Facebook Pixel

Treating Hypothyroidism: What Your Pharmacist May Not Be Telling You

By EmpowHER
Rate This
Hypothyroidism related image

To treat hypothyroidism, your doctor will prescribe the synthetic thyroid hormone, levothyroxine. This medicine increases your thyroid hormone levels to relieve symptoms like fatigue, cold sensitivity, and weight gain.

To get the most from your thyroid medicine, you need to take it correctly. One way to do that is to ask your doctor a lot of questions every time you get a new prescription.

Your pharmacist is another good resource on drug dosing and safety. But don’t expect the pharmacist to offer up a thorough explanation of your medicine and how to take it when you drop off your prescription. You’ll need to start the discussion.

Here are a few questions to ask your pharmacist before you start on your thyroid hormone drug or get on a new dose.

Which thyroid hormone brand did my doctor prescribe?

A few different versions of levothyroxine are available. They include:

  • Levothroid
  • Levo-T
  • Levoxyl
  • Synthroid
  • Tirosint
  • Unithroid
  • Unithroid Direct

You can buy generic versions of these drugs, too. All levothyroxine products contain the same type of thyroid hormone, T4, but the inactive ingredients can differ between brands. Switching brands could affect the effectiveness of your treatment. Let your pharmacist know that you want to be alerted of any changes to your prescription.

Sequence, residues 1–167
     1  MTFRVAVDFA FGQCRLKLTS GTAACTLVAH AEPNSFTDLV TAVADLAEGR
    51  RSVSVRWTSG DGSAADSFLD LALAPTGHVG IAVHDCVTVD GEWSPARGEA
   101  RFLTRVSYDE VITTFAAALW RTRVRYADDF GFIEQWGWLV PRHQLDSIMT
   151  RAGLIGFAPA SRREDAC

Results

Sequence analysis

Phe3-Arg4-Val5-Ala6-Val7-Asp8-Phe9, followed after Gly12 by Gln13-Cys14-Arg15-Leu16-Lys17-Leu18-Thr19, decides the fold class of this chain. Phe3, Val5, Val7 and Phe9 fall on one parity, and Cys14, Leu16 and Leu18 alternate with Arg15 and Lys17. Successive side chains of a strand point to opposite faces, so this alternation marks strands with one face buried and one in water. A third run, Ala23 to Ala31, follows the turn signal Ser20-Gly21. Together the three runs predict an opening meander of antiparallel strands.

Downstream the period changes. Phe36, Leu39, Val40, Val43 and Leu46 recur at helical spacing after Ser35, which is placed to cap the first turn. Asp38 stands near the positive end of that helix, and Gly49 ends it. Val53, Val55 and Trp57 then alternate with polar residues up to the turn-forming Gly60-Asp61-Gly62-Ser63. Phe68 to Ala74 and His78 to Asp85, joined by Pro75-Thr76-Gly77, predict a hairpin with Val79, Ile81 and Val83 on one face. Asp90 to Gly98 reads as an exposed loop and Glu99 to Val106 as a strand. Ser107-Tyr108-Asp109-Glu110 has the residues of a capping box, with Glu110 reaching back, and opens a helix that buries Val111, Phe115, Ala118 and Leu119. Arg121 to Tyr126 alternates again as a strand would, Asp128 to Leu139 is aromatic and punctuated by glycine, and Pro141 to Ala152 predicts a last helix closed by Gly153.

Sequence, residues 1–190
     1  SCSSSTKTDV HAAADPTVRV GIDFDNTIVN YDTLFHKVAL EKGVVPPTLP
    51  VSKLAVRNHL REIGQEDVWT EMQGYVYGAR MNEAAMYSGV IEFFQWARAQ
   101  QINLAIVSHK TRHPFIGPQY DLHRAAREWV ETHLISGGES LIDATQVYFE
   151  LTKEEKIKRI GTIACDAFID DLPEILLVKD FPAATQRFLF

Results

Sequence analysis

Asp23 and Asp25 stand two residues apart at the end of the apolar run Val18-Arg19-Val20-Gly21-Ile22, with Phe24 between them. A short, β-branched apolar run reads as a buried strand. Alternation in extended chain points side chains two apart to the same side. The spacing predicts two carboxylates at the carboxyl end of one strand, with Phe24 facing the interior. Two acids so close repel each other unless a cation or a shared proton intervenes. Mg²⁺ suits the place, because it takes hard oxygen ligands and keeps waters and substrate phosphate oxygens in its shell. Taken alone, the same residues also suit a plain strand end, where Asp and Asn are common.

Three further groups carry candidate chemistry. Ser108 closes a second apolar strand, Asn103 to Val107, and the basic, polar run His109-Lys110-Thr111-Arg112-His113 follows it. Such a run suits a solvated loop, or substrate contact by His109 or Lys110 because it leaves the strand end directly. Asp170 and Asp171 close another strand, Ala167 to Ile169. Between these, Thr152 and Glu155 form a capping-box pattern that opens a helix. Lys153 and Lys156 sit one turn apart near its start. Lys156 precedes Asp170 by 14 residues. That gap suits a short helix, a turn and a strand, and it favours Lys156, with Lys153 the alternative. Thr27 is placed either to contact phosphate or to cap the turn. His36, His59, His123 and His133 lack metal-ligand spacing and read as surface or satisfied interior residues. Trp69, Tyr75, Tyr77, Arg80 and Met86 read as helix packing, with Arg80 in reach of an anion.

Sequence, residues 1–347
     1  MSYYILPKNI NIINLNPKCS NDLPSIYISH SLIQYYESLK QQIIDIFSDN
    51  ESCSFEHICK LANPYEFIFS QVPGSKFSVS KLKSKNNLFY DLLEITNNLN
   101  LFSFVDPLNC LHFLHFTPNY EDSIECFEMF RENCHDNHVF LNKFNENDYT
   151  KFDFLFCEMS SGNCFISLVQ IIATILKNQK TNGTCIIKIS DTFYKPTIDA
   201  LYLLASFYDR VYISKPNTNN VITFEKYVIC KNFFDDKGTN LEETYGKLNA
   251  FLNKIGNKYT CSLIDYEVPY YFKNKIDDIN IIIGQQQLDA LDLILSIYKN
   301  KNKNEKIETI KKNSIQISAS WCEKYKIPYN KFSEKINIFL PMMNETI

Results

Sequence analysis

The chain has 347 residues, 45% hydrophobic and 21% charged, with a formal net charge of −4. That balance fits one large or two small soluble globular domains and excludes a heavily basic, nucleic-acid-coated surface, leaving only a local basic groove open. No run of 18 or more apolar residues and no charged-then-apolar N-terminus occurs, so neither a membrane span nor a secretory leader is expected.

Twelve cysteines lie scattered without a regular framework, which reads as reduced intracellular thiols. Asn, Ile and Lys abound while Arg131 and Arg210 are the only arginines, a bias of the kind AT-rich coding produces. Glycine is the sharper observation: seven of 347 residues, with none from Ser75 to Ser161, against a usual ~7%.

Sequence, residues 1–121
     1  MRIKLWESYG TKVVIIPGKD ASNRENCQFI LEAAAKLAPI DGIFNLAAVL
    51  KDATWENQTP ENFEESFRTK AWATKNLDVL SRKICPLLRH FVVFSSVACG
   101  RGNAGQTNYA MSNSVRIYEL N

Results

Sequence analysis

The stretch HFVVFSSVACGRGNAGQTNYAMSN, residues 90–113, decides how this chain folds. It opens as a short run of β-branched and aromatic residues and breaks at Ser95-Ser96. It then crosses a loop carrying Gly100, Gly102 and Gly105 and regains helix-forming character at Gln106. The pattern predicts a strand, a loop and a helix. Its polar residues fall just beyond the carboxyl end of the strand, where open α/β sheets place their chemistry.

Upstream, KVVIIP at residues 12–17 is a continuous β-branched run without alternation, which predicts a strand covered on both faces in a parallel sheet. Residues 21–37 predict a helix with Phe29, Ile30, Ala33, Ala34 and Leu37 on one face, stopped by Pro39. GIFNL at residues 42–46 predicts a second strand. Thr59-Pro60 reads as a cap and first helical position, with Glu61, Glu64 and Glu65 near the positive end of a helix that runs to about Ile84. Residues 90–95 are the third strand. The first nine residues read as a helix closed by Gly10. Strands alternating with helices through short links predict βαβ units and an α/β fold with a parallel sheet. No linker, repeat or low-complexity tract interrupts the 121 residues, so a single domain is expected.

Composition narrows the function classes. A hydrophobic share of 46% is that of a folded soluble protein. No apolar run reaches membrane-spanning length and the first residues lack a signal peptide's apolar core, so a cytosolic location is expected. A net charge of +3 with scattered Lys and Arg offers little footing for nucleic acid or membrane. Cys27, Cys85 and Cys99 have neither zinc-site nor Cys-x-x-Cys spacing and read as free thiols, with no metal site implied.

How do I take the medicine?

Ask how many pills to take, when to take them (morning, afternoon, or evening), and whether to take them on an empty or full stomach. You’ll usually take thyroid hormone in the morning with a full glass of water on an empty stomach to maximize absorption.

What dose should I take?

It’s very important to get the thyroid hormone dosage right. Your doctor will carefully adjust your dose based on blood tests. Make sure the dose written on the bottle label is what your doctor prescribed. Taking too much thyroid hormone can cause side effects like shaking and heart palpitations.

What should I do if I miss a dose?

Your pharmacist might tell you to take the medicine again as soon as you remember. If your next scheduled dose is coming up, you should skip the dose you missed and resume your medication on your regular schedule. Don’t double up on the dosage.

Can thyroid hormone interact with any of the other drugs I take?

Your pharmacist should have a record of all the other medicines you take. Go over this list and make sure none of the drugs you take can interact with your thyroid hormone. Interactions can cause side effects, and possibly make your thyroid drug less effective.

Prescription medicines that can interact with levothyroxine include:

  • antiseizure drugs, such as phenytoin Dilantin, carbamazepine Tegretol
  • blood thinners, such as warfarin Coumadin
  • birth control pills
  • cholesterol-lowering medicines, such as colesevelam Welchol, cholestyramine (Locholest, Questran)
  • estrogen derivatives
  • fluoroquinolone antibiotics, such as ciprofloxacin (Cipro), levofloxacin (Levaquin), lomefloxacin (Maxaquin), moxifloxacin (Avelox), ofloxacin (Floxin)
  • rifampin (Rifadin)
  • selective estrogen receptor modulators, such as raloxifene (Evista)
  • selective serotonin reuptake inhibitor antidepressants, such as sertraline (Zoloft), theophylline (Theo-Dur)
  • sucralfate (Carafate)
  • tricyclic antidepressants, such as amitriptyline (Elavil)

Which supplements and over-the-counter drugs can affect my thyroid medicine?